Have you decided to make feedback a regular occurrence at your company? Good thinking!
Frequent feedback is an essential element of a high-performance culture. But not all feedback is created equal. You can significantly improve the feedback you offer—and increase the chances of making a positive impact—by following these guidelines. Before giving feedback, take a moment to ask yourself these five questions.
Is it specific?
What exactly are you giving feedback on? In order for feedback to be useful and actionable, it needs to be specific, both in the way that it describes the past behavior or work and in the way that it outlines what should be changed in the future. In a Harvard Business Review article, Liane Davey writes that “orienting to the situation, describing the behavior, and sharing the impact… are the basic ingredients of effective feedback.” So make sure you’ve given this some thought before you begin the feedback conversation.
Is it tied in to a tangible outcome?
What will the recipient do as a result of hearing your feedback? If you can’t think of a clear outcome or tangible step, it will be even more difficult for the person who’s receiving it to do so! Remember, the point of feedback is to help a coworker learn and improve. Constructive, work-related feedback is critical for development, so it's key to lookout for any hidden biases.
Is it respectful?
How will this feedback come across to the person who’s receiving it? In the HBR article mentioned above, Liane Davey writes about the importance of coming across as an “ally.” Davey suggests you can show respect by sharing how you’re invested in the outcome and leaving room for the person to share their take on the matter.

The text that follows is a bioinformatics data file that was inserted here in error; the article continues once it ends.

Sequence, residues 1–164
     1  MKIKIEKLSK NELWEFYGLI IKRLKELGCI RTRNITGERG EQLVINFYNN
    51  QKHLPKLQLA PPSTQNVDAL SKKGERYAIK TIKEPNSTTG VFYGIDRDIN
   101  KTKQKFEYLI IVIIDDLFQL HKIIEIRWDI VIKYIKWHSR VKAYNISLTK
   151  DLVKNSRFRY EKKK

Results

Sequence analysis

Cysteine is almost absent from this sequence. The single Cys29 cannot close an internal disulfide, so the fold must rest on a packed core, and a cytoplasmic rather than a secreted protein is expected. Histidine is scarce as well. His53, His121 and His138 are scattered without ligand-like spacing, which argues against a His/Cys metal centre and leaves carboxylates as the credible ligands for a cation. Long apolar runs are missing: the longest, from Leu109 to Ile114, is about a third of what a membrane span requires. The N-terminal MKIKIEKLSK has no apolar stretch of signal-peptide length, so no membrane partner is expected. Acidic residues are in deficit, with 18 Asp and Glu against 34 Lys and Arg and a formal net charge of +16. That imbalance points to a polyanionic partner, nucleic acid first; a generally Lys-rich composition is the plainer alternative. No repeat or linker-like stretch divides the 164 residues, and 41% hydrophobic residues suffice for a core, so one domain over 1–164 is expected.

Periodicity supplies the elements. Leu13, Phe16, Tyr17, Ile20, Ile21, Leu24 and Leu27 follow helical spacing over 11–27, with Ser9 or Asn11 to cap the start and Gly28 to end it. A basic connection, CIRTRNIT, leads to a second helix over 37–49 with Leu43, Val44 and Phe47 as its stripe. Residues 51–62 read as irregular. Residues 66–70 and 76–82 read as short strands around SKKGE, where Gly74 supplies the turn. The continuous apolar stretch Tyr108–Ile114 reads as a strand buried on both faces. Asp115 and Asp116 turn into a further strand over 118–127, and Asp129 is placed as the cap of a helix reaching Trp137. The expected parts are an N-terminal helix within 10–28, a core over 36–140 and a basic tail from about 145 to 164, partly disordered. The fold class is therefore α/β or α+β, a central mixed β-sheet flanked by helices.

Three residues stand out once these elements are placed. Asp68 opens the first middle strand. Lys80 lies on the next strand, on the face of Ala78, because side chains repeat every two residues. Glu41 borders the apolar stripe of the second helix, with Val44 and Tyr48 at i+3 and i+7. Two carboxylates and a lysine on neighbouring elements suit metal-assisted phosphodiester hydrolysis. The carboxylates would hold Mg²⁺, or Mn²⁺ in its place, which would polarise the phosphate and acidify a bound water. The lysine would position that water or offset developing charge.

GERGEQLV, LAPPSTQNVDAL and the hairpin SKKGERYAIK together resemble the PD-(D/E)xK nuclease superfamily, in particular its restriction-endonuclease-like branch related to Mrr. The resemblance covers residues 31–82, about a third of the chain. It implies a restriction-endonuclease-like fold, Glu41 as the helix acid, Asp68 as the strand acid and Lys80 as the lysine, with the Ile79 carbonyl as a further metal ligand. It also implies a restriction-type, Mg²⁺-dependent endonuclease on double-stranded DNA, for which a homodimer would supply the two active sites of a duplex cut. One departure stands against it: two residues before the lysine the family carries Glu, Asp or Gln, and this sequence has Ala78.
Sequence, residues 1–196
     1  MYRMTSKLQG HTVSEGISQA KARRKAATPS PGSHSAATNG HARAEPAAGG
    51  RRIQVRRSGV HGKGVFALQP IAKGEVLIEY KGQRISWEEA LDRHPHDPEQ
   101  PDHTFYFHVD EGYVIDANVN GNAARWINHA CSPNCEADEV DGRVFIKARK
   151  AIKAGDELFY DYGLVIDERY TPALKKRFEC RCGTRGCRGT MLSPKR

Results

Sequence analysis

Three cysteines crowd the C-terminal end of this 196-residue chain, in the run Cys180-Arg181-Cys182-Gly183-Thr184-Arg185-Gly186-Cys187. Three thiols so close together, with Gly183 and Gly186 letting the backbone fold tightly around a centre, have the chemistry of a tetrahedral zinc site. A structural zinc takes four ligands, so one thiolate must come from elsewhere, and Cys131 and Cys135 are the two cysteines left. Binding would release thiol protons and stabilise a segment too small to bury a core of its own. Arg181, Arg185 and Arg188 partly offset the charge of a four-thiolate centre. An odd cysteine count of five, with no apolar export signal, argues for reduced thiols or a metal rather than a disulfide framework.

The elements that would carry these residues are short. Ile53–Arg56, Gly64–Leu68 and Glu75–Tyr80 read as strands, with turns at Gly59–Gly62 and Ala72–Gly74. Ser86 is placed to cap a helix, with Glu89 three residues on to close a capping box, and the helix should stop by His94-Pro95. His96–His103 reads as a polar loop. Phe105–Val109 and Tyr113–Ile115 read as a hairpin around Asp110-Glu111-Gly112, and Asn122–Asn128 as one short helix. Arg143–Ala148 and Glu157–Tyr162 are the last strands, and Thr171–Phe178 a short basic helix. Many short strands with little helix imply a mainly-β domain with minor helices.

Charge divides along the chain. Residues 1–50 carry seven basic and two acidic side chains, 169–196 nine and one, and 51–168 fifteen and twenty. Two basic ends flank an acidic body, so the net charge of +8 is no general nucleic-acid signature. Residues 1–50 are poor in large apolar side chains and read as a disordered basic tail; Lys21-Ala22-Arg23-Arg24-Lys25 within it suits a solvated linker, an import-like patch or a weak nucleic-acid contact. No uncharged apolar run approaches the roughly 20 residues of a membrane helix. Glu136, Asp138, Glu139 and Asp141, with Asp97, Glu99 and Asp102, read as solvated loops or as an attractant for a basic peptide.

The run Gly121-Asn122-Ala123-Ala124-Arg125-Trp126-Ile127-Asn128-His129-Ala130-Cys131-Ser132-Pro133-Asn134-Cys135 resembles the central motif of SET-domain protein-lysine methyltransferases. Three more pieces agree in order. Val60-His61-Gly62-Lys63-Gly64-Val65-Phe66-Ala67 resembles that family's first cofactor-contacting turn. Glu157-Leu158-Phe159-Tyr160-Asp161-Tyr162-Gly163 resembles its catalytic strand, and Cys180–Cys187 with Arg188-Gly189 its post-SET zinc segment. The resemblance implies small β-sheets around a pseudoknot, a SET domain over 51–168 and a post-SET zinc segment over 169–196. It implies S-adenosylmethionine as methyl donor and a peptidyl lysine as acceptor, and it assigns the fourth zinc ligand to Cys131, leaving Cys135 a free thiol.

Is it timely and frequent?
Is the recipient getting feedback regularly and in a timeframe that they can easily act upon? Feedback should be given frequently. Also, consider how you can time your feedback so that it will have maximum impact.
On the one hand, you want to avoid giving feedback too soon. It’s important to take time to collect your thoughts and gather relevant facts, metrics, and information—your feedback shouldn’t come across as a snap judgment or empty praise. Harvard Business Review suggests using feedback to propose a solution to help the recipient move forward, and it will generally take some time to come up with something thoughtful if you’re following this model.
But on the other hand, you don’t want to wait too long to give feedback, either. Research has shown a correlation between how often people receive feedback and how engaged they are at work. In a Harvard Business Review article on performance management, Marcus Buckingham and Ashley Goodall write: “If you want people to talk about how to do their best work in the near future, they need to talk often. And so far we have found in our testing a direct and measurable correlation between the frequency of these conversations and the engagement of team members.”
Is this a situation where feedback is merited and expected?
Feedback shouldn’t just be given merely for the sake of giving feedback—it should occur when the giver believes it could truly benefit the recipient. Feedback can be most beneficial when a project wraps up, when it’s related to a skill that the person uses frequently and is likely to practice and improve, when there’s a problem that’s having a negative impact, and when you have information that will help someone develop based on their goals or role.
These five questions will help ensure that you’re giving feedback in a way that will have a positive impact on your coworkers and your organization.